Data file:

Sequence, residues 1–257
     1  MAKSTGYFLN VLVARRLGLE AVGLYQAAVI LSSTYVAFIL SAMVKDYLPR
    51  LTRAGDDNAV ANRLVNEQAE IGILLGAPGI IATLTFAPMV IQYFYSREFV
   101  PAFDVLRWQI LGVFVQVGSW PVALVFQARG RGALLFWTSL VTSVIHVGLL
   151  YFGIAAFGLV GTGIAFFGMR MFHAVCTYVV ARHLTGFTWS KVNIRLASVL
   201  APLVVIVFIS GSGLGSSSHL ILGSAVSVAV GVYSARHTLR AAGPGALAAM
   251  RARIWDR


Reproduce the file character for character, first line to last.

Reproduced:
Sequence, residues 1–257
     1  MAKSTGYFLN VLVARRLGLE AVGLYQAAVI LSSTYVAFIL SAMVKDYLPR
    51  LTRAGDDNAV ANRLVNEQAE IGILLGAPGI IATLTFAPMV IQYFYSREFV
   101  PAFDVLRWQI LGVFVQVGSW PVALVFQARG RGALLFWTSL VTSVIHVGLL
   151  YFGIAAFGLV GTGIAFFGMR MFHAVCTYVV ARHLTGFTWS KVNIRLASVL
   201  APLVVIVFIS GSGLGSSSHL ILGSAVSVAV GVYSARHTLR AAGPGALAAM
   251  RARIWDR